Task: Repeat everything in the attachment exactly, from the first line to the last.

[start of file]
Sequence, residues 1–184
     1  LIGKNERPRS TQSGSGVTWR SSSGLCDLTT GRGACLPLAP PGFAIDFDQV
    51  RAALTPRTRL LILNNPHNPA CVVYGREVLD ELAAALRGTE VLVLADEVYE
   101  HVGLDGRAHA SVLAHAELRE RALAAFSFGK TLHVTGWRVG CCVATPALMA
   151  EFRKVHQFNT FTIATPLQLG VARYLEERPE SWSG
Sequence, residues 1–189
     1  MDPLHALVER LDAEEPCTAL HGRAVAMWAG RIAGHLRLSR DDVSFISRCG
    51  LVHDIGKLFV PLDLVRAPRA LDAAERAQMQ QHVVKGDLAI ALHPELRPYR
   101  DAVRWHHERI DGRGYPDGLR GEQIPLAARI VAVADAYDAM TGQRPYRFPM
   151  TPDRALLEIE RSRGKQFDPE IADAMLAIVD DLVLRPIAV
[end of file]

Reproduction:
Sequence, residues 1–184
     1  LIGKNERPRS TQSGSGVTWR SSSGLCDLTT GRGACLPLAP PGFAIDFDQV
    51  RAALTPRTRL LILNNPHNPA CVVYGREVLD ELAAALRGTE VLVLADEVYE
   101  HVGLDGRAHA SVLAHAELRE RALAAFSFGK TLHVTGWRVG CCVATPALMA
   151  EFRKVHQFNT FTIATPLQLG VARYLEERPE SWSG
Sequence, residues 1–189
     1  MDPLHALVER LDAEEPCTAL HGRAVAMWAG RIAGHLRLSR DDVSFISRCG
    51  LVHDIGKLFV PLDLVRAPRA LDAAERAQMQ QHVVKGDLAI ALHPELRPYR
   101  DAVRWHHERI DGRGYPDGLR GEQIPLAARI VAVADAYDAM TGQRPYRFPM
   151  TPDRALLEIE RSRGKQFDPE IADAMLAIVD DLVLRPIAV